I want to tell you a little story. Once I was on a crowded train. I observed that there was a family scattered across several seats near me, some closer to the door and some more distant, and it so happened that they were getting off at the same stop as me. Out of politeness, I waited for all of them to get off the train before proceeding to the door myself, so that they could keep their group together. When I got up, I wound up stepping in front of a young black man. He became offended and pushed past me, accusing me of racism because I had let the white family go ahead of me but felt entitled to cut in front of him.

The white dude in me was crying out — I’m not a racist! I had a perfectly justifiable reason to do what I did! I didn’t even notice who was behind me when I got up! Yet there was something else there as well, something that had developed during my years of living in a diverse community in grad school, something that said: Let it go. If he sees me as an entitled white dude, that’s fair enough. I really do look like that. I get so many advantages from looking how I look that I should put up with it on those extremely rare occasions where it proves disadvantageous as well.

I don’t want to put myself forward as a hero or an example. All I want to suggest is that being a white dude might be a least partially curable. The first step is admitting that you have a problem.

Friday, May 24, 2013

Foibles of French Translation

I have been translating a philosophical article in French on semiotics off-and-on for the last few months, and in the process had the following thought about academic American English vs. Parisian French style, especially as regards prepositions and relative pronouns.

In contemporary academic English, pronoun use is like plumbing. One connects just the right pronoun to just the right verb or noun, where each kind of connection serves a notably different purpose. Meaning flows through the verb+preposition or noun+preposition in directed streams, and good use of relative pronouns and prepositions allows an author to direct attention as well as logical and semantic structures at the level of grammar.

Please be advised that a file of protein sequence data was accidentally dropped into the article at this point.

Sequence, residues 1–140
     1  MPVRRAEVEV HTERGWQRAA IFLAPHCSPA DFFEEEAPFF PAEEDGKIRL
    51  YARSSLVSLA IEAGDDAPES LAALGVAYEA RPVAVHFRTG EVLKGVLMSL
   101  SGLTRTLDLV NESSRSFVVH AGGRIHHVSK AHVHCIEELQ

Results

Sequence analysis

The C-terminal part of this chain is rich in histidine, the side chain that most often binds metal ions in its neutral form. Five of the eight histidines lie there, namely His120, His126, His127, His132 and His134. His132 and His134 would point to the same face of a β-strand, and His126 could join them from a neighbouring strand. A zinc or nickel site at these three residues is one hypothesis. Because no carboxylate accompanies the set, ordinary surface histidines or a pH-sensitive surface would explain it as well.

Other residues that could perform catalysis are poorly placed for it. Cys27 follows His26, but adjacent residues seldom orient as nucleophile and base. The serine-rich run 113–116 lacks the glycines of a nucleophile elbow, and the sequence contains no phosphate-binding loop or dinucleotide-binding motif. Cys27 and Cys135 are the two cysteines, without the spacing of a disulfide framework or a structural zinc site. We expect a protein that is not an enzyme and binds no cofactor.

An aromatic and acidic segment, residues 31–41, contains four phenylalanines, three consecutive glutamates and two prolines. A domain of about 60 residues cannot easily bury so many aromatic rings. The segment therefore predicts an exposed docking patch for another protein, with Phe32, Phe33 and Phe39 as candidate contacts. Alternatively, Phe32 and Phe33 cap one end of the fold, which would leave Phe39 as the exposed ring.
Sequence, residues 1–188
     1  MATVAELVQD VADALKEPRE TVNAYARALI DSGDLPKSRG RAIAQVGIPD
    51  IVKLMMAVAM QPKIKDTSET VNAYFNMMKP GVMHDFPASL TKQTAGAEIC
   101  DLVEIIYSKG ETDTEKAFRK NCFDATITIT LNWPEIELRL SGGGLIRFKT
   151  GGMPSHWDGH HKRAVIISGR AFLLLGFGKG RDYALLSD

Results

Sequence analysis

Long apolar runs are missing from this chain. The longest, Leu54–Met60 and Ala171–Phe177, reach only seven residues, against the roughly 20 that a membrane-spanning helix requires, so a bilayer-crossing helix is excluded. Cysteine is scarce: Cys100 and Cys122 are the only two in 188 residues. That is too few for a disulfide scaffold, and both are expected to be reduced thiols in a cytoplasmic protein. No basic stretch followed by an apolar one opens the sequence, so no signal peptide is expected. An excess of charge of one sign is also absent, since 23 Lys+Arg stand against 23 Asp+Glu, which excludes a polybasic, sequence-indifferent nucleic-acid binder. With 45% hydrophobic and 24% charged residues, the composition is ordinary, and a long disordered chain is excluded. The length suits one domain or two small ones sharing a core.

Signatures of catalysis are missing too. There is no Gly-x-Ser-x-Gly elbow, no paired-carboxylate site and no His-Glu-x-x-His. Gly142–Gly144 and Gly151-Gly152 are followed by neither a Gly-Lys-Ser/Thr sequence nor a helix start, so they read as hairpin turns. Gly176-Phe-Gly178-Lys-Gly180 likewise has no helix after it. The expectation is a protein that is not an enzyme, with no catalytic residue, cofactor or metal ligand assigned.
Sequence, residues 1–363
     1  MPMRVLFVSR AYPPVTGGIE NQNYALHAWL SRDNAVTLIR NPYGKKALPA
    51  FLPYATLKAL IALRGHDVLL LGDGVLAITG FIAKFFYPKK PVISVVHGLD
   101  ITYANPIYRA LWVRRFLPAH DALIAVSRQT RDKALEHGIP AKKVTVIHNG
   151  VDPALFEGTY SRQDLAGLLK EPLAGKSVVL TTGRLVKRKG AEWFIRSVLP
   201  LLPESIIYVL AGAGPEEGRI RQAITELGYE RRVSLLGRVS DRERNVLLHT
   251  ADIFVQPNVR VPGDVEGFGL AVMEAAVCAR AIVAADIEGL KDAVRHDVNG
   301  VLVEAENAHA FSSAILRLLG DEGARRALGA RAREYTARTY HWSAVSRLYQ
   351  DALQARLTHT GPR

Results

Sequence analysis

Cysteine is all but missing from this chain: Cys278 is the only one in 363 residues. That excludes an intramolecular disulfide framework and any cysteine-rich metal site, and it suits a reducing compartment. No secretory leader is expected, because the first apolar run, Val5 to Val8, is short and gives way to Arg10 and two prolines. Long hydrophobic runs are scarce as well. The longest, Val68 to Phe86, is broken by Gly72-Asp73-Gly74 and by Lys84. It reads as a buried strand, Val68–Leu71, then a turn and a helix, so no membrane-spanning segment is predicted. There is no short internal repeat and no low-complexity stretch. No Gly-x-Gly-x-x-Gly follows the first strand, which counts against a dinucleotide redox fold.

Yet in my experience of recent academic French, especially translation, pronoun use feels like directing traffic. Yes, grammatically French is far more restrictive than English, but in reading and written translation it feels like the rules are rigidly directing traffic while it is up to the reader to navigate the semantic terrain. That is, despite the stricter grammar, I feel the ambiguity and perhaps freedom of French in a way that I do not in English.

As a caveat, while I have some limited immersive experience in Quebecois French, most of my lengthy experience in the French language has been either in a classroom or in translation, and thus my perceptions may be very idiosyncratic. It may be entirely due to the wide differential in my abilities with both languages, but I still find the thought intriguing. 

In a parting thought, years ago my studies of French altered how I write in English, as I returned to writing in clausal structures that haven't been common in English since the Victorian era, yet much more closely match French structures. Specifically, I began using more relative pronoun and preposition combinations for clauses, whereas contemporary English prefers appositive phrases or adverbial phrases functioning as adjectival phrases. I dislike that development in English, for while it is easier to skim, the grammar obscurs the logical and clausal structure of a sentence. That is, adverbial-adjectival phrases and appositive phrases are not grammatically connected with the rest of the sentence, though they must be semantically connected, yet semantic connection is usually not strong enough to support the causal and logical. I might comment later with an example, as I have grown so used to doing without appositive phrases that I cannot think of a good example....

CFP: ARPA 2013: Pragmatism, Naturalism, and Moral Objectivity

ARPA 2013 Annual Meeting

Pragmatism, Naturalism, and Moral Objectivity

Dalhousie University  October 4-5, 2013

(download a PDF of the Call for Abstracts here)

Keynote Address by Philip Kitcher: “Rethinking Ethics”

Kitcher JPEG